Shelf Awareness for Readers for Friday, February 23, 2018


Andrews McMeel Publishing: Milk and Honey by Rupi Kaur

From My Shelf

Timber Press: A Tapestry Garden by Marietta and Ernie O'Byrne / The Garden in Every Sense and Season by Tovah Martin

Mira Books: The Family Gathering (Sullivan's Crossing #3) by Robyn Carr

Love and Marriage

They may go together like a horse and carriage, as the song has it. But love, when it's meant to last a lifetime, can be messy, painful, even deadly dull. Two new books offer a complicated take on marriage that's much more genuine--and more interesting--than the traditional fairy-tale narrative.

Essayist Ada Calhoun admits the truth: marriage is foundational and nourishing, but it's also frustrating and just plain hard. Calhoun's essay collection Wedding Toasts I'll Never Give (Norton, $24.95) delves into the facets of marriage that starry-eyed couples don't always want to acknowledge. These include paying (literally) for a spouse's mistakes, daydreaming about other partners (and other lives) and slogging through what she bluntly calls "the boring parts" of wedded bliss. "Dating is poetry," Calhoun writes. "Marriage is a novel. There are times, maybe years, that are all exposition." Her mock "toasts" brim with wit, wisdom and gut-level honesty about the trials of staying married and the quiet rewards of remaining faithful, however imperfectly.

Renowned couples therapist Esther Perel explores a more dramatic but no less sticky aspect of long-term commitment--infidelity and its fallout--in The State of Affairs (Harper, $26.99). Drawing on her years of work with couples (of various ethnicities and sexual orientations) who have dealt with infidelity, Perel explores the reasons people seek extramarital relationships and analyzes their effects. Despite the pain they cause, she insists that affairs provide "a window, like none other, into the crevices of the human heart." Her clients' stories have many different endings, but most, encouragingly, are still in progress: an affair can expose the fault lines in a marriage, but doesn't have to mean total destruction. Both Calhoun and Perel present clear-eyed yet ultimately hopeful perspectives on marriage as a tough, flexible and ultimately life-giving endeavor. --Katie Noah Gibson, blogger at Cakes, Tea and Dreams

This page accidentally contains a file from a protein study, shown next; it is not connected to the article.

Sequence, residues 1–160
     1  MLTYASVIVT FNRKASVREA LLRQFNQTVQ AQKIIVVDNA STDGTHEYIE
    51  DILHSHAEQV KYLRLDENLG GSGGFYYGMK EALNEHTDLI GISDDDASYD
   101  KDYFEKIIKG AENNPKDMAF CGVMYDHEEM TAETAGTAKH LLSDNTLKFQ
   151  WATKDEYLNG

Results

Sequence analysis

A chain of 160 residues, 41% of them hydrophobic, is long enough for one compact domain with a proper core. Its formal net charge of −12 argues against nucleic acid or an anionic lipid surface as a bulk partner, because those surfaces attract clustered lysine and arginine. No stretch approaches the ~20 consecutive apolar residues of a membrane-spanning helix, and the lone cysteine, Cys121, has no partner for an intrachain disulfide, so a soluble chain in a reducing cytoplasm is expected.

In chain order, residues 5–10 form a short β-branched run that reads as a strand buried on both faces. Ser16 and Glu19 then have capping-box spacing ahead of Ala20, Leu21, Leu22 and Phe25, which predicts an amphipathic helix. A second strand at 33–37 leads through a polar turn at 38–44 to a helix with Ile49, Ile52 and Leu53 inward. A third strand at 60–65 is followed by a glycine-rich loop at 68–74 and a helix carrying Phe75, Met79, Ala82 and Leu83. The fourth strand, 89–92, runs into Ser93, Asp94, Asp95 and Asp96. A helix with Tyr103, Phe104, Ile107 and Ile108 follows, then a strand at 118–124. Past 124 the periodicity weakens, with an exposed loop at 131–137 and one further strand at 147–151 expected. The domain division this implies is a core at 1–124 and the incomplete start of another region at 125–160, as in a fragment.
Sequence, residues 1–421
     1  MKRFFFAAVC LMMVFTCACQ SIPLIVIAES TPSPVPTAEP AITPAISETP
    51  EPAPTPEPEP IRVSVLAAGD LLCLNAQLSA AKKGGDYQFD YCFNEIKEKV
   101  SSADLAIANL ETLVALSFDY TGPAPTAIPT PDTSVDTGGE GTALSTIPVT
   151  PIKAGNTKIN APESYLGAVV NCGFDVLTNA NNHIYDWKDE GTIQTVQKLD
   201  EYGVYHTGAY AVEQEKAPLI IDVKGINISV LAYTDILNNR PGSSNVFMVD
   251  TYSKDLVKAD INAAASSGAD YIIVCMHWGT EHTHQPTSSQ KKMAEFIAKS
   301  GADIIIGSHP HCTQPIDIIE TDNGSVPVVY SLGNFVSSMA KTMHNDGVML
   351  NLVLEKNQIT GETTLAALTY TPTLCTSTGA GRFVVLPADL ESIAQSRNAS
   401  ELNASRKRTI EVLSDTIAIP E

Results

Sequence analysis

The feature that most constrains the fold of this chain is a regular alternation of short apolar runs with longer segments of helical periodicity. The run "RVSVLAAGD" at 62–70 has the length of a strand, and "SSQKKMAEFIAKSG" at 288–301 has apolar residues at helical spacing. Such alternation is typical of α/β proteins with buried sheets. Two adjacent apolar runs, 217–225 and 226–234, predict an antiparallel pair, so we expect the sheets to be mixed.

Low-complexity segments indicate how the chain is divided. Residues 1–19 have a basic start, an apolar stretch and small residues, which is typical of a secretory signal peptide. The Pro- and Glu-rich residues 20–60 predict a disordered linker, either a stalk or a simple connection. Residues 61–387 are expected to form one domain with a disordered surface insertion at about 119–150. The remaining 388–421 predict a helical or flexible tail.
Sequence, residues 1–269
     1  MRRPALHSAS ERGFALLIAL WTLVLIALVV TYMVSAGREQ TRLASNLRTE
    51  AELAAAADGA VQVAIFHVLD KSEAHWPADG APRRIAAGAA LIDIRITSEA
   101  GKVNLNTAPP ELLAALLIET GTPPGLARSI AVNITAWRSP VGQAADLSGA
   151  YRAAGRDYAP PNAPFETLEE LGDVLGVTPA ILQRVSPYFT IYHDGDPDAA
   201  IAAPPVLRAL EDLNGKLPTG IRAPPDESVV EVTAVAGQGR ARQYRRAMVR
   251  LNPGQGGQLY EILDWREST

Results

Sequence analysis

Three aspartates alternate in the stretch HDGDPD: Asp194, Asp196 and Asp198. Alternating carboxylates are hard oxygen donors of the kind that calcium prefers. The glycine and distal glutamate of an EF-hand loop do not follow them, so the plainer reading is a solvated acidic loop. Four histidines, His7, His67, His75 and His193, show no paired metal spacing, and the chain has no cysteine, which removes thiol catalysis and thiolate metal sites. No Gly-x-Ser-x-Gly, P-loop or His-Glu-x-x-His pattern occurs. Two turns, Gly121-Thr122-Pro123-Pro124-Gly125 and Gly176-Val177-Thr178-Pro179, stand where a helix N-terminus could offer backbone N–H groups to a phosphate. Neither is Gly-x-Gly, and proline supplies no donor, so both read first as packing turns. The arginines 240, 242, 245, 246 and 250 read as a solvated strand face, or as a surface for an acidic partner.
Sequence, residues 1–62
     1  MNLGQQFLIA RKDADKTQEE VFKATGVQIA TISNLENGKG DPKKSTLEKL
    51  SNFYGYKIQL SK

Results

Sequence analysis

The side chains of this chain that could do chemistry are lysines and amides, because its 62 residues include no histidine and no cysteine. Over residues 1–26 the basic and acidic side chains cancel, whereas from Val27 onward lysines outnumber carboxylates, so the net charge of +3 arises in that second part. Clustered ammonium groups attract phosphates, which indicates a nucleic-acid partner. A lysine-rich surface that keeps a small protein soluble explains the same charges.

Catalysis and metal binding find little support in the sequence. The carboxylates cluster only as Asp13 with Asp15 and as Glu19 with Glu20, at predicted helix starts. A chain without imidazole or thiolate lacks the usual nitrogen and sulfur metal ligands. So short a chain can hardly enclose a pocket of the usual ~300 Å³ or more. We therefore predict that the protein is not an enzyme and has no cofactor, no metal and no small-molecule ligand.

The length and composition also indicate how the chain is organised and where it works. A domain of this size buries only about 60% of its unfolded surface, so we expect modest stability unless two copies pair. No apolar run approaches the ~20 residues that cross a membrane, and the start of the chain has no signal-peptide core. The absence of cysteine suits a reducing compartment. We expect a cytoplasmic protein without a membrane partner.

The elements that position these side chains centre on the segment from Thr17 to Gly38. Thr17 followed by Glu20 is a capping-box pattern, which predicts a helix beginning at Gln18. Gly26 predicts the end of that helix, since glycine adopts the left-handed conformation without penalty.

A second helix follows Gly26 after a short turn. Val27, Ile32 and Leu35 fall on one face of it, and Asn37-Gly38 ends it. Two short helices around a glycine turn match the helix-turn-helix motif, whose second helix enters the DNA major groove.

Red Lightning Books: The Curse of the Indy 500: 1958's Tragic Legacy by Stan Sutton


Book Candy

Likely Literary Characters for President

Electric Lit nominated "11 literary characters who should run for President."

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"Which book perfectly matches your personality?" Buzzfeed asked.

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"Should you write what you know? 31 authors weigh in" at Lit Hub.

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The Temple of Knowledge from StoryCorps animates Ronald Clark's memories of his father, who "was custodian of a branch of the New York Public Library at a time when caretakers, along with their families, lived in the buildings."

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Headline of the Day (via the Hill): "Dolly Parton set to donate her 100 millionth book to Library of Congress."

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McSweeney's offered "reality show pitches for your literary friend who claims to be unable to relate to reality TV."